It's About the History of Exceptional
WHO WE ARE
The Arnold Center is a community rehabilitation organization that provides services to individuals with barriers, most often disabilities, strengthening our community through advancing the skills of those that are most vulnerable. Our service programs advance individuals through the building of life skills that teach and strengthen independence, vocational abilities, soft skills, and community engagement.
Prior to the 1950s, many people with severe disabilities were required to live their life within the confines of an institution. The scrutiny of institutions through disability activism in the late 1950s discovered that so-called mental institutions created dependency, passivity, exclusion, and even disability, causing people to be institutionalized; a self-fulfilling affectation. Activist of the time argued that community services would be cheaper, less intrusive and that emerging medications would make it more feasible to release people into the community. Created in 1963, from the social movement of the 1960’s, were two legislative laws that served as a catalysis for deinstitutionalization in America and made possible a local inspiration now known as the Arnold Center. The first was the Aid to the Disabled Act that made persons with mental illness eligible for federal financial support in the community setting. The second was the Mental Retardation Facilities and Community Mental Health Centers Construction Act. The latter was amended in 1965 to provide grants for the initial costs of staffing the newly constructed centers. These funding sources coupled with new medications, new alternative methods of dispensing those medications, and better access to outpatient counseling gave rebirth to deinstitutionalization. In the mid 60s, a local assembly made up of parents, philanthropists, mental health and rehabilitation professionals seized the opportunity exploit this legislation. Funding became available to support services for people with disabilities already living in the community as well as those coming home from institutions. But what would these services look like? What could people with severe disabilities do to keep busy? The concept at the time was to establish a local program where persons with disabilities could experience the stimulation and learning required for work in a sheltered environment. Thus, a “sheltered workshop”. And, so begins the history of the Arnold Center. . . .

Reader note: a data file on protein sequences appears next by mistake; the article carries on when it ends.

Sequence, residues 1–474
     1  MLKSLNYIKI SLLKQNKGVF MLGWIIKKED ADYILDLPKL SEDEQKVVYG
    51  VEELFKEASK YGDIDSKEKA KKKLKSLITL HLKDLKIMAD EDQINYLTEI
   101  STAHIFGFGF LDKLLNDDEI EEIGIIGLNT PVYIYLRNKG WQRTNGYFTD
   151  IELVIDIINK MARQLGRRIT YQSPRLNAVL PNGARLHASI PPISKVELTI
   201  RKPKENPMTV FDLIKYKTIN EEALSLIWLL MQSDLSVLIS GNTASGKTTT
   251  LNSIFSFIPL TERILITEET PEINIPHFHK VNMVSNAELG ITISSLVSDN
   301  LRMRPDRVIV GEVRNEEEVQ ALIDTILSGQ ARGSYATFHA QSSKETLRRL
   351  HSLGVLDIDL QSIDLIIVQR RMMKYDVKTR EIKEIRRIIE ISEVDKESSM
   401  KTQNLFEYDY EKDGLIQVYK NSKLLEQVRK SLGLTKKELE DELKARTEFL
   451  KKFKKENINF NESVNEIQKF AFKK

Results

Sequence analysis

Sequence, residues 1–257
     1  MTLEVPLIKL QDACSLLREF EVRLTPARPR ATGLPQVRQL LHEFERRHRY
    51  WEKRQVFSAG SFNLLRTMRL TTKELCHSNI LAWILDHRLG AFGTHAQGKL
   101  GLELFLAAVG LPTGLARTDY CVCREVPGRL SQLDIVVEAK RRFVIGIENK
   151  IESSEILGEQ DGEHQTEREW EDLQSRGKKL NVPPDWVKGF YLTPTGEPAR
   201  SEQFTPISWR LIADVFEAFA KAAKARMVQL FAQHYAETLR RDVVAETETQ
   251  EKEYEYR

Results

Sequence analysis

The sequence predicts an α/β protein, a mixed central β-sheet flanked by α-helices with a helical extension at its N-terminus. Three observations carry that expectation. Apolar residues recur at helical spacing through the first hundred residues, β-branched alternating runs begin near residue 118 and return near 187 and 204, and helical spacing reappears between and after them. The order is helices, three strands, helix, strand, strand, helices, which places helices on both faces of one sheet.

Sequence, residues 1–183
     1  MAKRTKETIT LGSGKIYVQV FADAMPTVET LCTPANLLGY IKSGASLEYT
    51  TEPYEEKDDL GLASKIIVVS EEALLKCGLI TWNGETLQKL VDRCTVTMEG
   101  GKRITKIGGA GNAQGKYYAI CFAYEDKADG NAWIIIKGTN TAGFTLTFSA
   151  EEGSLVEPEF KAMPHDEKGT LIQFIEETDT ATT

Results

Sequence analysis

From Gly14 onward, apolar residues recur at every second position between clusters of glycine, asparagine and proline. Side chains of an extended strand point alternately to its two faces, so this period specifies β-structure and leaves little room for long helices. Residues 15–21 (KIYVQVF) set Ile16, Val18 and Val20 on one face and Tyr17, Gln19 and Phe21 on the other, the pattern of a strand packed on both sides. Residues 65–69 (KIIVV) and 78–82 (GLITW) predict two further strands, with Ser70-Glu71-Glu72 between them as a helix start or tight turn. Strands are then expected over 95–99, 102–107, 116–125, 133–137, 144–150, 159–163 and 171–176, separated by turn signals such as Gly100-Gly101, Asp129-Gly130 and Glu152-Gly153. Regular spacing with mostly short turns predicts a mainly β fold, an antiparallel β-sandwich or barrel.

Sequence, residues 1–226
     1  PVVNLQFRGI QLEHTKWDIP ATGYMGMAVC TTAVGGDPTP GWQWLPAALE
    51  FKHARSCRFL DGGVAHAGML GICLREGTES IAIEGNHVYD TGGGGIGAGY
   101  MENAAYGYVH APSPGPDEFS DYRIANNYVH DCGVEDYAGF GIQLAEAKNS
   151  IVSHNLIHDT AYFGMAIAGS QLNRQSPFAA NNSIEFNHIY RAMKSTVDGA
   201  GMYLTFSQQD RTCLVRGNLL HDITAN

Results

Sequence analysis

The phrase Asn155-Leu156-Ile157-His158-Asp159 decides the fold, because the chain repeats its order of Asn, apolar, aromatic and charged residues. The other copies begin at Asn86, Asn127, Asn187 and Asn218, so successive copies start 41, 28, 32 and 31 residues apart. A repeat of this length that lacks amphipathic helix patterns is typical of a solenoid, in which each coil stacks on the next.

400 Wexford Ave Midland, MI 48640
490 Industrial Dr. Gladwin, MI 48624